I know, I know, I'm old school! But when I started my writing career 17 years ago, the guys I worked with were true pros. When I first started working with them, I really couldn't believe it! I'd read their stuff in the paper for years and now I was on staff with them? It was crazy.

What was even better, though, was that from the beginning they treated me as an equal. They were always there to offer suggestions or answer questions that I may have had. Sometimes we would "double staff" an event and I would pay attention to how they did their jobs and the questions they would ask afterwards.

I wanted to be a good writer, I wanted to be like them, and while I am admittedly not the most talented writer in the world, if you read one of my stories over the years you would know that I always tried my hardest to write the best story that I could, whether it was for a city house league baseball or softball game, a college football game, or the PGA Tour.

That's part of the reason I got out of the sportswriting gig a couple of years ago, because that's not what the editors wanted. They didn't want a good, well-written story, they wanted someone to go to an event, keep stats and grab a couple of quotes. Or, they wanted a story written before the event even started. That just wasn't me.

I hope I'm not coming across as snobbish. I'm really not, it's just that I have tried my entire career to be a professional, and to represent who I'm writing for and the writing profession itself with integrity. Sadly, that is becoming less and less of a job requirement.

I'll always hold out hope that good writing, and good writers, will always have a place, but it gets hard sometimes. I'll admit, there are times where crossing over to the "dark side" is appealing. In my personal life, I am a mixture of quirky, funny, sarcastic and at times profane. Writing with no filter would be pretty easy to do, and it would probably lead to a lot more site clicks and maybe more attention.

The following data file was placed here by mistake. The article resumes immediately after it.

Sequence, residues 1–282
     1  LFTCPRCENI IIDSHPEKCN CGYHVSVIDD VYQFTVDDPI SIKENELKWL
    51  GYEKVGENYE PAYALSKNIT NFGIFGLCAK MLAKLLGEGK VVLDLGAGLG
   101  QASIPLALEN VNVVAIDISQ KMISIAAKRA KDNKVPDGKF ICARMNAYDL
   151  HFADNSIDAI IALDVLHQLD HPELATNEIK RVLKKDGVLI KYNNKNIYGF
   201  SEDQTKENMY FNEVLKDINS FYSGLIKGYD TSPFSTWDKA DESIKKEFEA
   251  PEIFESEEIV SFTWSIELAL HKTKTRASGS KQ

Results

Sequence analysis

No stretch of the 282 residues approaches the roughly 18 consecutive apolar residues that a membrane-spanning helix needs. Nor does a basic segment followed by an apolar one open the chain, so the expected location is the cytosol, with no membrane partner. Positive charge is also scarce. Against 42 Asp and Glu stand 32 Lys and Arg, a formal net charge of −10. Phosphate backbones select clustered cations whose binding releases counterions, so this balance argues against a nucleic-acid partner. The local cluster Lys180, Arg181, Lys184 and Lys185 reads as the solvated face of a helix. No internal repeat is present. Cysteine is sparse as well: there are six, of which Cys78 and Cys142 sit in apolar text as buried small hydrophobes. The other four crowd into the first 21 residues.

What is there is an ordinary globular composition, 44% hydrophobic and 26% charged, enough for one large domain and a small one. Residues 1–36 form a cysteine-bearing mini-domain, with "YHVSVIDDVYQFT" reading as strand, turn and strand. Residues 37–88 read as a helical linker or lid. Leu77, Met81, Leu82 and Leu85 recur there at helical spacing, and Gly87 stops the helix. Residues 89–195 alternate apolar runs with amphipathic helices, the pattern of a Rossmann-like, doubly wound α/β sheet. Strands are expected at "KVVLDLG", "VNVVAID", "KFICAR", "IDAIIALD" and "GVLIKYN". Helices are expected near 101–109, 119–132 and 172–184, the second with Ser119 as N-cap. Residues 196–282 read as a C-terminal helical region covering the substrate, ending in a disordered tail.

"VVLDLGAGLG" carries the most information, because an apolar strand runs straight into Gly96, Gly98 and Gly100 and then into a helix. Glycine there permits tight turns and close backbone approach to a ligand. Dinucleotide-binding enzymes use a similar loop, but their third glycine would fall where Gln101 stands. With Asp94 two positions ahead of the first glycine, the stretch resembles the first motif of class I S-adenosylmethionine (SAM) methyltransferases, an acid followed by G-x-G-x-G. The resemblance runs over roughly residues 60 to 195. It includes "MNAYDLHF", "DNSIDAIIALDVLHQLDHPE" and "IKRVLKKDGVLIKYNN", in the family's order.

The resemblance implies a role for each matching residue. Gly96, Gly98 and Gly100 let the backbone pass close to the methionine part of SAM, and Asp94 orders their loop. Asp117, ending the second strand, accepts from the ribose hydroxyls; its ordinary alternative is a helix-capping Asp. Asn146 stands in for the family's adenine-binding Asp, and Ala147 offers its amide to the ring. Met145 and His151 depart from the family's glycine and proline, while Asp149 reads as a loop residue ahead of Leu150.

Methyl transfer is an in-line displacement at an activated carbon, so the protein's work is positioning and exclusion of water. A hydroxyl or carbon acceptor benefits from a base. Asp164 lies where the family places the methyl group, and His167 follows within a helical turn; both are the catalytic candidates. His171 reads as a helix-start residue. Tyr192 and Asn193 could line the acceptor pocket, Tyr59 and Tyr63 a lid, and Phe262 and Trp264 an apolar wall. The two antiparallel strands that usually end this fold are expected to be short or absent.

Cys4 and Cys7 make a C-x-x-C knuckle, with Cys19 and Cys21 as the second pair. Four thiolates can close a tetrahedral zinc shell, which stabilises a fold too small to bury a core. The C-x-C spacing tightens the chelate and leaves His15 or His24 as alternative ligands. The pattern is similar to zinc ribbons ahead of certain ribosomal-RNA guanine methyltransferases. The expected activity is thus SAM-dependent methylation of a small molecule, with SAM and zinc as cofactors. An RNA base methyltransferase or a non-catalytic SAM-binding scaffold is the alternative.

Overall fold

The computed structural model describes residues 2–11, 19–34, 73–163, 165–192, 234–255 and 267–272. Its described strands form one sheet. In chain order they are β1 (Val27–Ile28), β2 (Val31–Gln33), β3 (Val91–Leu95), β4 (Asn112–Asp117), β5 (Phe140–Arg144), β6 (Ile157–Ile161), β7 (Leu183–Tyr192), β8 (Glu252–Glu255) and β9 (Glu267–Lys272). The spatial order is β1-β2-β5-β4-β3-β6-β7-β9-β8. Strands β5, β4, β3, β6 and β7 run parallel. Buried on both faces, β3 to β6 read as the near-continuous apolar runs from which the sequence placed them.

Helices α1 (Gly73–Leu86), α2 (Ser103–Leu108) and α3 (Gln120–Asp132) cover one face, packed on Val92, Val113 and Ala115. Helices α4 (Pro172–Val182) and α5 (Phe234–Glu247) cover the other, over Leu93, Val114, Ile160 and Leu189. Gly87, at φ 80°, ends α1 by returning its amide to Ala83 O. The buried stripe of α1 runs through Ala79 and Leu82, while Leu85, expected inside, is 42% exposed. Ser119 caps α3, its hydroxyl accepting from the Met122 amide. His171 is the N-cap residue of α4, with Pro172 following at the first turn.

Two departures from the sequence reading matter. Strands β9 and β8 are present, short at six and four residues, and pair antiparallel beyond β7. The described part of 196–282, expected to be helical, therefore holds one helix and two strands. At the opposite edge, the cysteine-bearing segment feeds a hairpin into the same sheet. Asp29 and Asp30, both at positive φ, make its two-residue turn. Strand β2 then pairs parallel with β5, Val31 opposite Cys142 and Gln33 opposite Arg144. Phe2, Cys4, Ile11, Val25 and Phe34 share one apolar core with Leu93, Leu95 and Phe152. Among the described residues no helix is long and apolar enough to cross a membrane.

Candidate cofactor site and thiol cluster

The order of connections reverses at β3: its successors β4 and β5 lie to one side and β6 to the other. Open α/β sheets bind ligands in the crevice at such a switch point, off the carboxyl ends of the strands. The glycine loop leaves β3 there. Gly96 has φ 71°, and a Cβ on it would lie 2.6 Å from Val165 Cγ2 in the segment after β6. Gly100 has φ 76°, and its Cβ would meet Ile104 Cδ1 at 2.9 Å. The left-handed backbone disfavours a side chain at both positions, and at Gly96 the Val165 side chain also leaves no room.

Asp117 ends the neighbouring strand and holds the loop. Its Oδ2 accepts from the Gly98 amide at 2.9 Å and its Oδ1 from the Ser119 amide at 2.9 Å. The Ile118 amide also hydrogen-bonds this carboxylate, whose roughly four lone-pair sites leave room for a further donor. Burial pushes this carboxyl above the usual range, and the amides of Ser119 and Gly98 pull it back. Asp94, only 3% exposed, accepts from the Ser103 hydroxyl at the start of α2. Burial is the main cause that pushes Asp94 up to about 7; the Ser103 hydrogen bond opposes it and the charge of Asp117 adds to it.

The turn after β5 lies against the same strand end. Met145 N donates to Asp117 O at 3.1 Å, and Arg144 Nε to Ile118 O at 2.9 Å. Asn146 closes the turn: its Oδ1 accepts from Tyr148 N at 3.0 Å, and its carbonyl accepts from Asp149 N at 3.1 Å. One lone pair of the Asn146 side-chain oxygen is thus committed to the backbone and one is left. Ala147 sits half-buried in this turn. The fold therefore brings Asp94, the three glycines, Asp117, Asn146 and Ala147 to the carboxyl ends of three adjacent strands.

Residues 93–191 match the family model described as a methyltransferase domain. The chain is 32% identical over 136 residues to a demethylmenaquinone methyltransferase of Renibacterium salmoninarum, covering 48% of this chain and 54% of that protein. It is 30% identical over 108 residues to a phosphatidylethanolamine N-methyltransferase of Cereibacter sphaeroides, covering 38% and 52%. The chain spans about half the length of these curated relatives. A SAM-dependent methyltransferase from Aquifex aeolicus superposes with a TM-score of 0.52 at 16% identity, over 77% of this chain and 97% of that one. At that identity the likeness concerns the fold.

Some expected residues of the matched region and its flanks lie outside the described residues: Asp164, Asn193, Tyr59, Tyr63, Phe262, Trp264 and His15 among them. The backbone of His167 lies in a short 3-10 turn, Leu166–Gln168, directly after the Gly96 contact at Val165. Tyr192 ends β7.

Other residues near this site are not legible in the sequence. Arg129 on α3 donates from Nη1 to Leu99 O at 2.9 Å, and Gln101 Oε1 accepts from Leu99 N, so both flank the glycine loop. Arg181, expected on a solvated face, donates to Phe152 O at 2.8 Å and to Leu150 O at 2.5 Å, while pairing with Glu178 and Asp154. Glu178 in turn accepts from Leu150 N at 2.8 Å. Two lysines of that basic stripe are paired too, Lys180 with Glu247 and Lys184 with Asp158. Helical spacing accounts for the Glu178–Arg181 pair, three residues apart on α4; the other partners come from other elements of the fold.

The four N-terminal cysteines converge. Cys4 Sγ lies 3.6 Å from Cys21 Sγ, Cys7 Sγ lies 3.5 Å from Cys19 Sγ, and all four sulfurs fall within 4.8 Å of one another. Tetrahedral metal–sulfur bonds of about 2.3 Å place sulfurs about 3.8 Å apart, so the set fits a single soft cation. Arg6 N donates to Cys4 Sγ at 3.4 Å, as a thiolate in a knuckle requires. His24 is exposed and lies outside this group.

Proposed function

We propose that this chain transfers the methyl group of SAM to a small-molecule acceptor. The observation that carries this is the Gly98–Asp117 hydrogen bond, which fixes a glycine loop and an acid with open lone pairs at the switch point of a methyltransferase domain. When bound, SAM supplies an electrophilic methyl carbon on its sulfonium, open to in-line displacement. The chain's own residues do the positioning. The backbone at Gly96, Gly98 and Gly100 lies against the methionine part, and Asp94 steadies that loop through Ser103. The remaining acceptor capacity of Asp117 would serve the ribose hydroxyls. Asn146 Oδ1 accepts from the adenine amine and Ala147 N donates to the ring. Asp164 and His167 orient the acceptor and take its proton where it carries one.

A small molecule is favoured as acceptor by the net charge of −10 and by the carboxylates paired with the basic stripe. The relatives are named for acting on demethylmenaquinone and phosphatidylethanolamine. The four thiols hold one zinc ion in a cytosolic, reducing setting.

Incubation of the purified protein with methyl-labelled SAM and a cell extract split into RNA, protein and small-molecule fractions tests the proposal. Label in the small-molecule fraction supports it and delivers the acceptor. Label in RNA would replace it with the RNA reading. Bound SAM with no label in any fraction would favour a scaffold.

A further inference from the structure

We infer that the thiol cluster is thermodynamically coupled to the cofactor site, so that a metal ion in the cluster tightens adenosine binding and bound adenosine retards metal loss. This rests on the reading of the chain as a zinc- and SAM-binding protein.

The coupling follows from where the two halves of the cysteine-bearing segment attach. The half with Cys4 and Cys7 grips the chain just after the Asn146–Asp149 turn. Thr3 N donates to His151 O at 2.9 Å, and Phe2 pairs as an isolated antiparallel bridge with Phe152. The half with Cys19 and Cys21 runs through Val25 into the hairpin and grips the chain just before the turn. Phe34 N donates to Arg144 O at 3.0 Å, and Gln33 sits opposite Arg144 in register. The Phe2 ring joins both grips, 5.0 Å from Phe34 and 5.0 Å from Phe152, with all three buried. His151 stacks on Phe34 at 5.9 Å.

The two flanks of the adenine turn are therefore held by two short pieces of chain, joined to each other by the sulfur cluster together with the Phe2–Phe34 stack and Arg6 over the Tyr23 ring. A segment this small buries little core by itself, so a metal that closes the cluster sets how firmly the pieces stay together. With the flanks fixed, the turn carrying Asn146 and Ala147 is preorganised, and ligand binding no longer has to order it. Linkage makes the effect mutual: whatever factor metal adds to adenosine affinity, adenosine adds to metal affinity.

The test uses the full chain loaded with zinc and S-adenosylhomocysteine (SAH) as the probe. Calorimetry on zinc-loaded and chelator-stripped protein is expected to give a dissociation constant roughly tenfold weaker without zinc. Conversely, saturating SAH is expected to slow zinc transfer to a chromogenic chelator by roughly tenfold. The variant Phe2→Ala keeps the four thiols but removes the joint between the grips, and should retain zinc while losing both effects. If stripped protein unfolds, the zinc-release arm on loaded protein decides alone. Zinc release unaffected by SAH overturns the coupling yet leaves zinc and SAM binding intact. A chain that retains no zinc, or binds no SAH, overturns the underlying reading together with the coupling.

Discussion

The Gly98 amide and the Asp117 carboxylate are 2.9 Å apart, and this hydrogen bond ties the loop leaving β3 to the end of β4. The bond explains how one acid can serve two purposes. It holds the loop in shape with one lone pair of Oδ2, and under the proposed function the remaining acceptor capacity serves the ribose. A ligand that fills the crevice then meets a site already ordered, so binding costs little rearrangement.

(Editor's note, September 30, 2022: In a couple of desperate moves to get my career going, I crossed to the "dark side" a couple of times. They all ended badly because the people I was working with didn't have the same values and integrity I have for myself.)

But that isn't me. There are certain areas of my life where I take pride in my integrity, and writing is one of them. Heck, I've been serious about my writing since I was a teenager, so I can't quit now!

The dream of mine is that people will get sick of the noise and demand the good writing. Everything in life goes in cycles, and this is no different. Many of the people who lost their jobs today have been at this for more than 20 years, meaning they have been there and done that when it comes to what the public wants.

Twenty-five years ago, I was a member of Generation X, and back then we were what was wrong with the world. But you know what happened? We grew up and our interests changed, as Rocky Balboa said in Rocky IV...we became "normal people". Millennials will eventually do the same, and the landscape will change again.

As a writer, I'm sticking to my guns because I think (or hope) (or dream) that what I write and how I go about my job every day will become relevant once again. Even in my racing PR pursuits, as frustrated as I am with the culture right now, I know that what I find important -- good writing, smart, constant social media and good photography -- will eventually be what drivers and teams want. I believe that with all my heart.

So despite what happened today at ESPN, and what has happened with other organizations around the country, I'm staying faithful to my core beliefs. The written word has always been important, and the desire for people to read it will never go away.

We'll be back.

Thursday, April 13, 2017

Nigel vs. Fernando

I have to admit, I was as stunned as anyone by the announcement yesterday that current McLaren Formula 1 driver Fernando Alonso will be driving for Andretti Autosport in this year's Indianapolis 500. Not only can't I believe the announcement, I also can't believe that it was all pulled off with so much secrecy.

Big props to Michael Andretti for getting the deal done, and a tip of the cap to Stefan Wilson, who put the pursuit of his own program for May on hold so that they could get everything arranged. I'm sure that wasn't an easy decision, Wilson, like Pippa Mann, works pretty much year-round to secure funding for a 500 ride, so to eschew that for a year for a greater good has to be absolutely commended.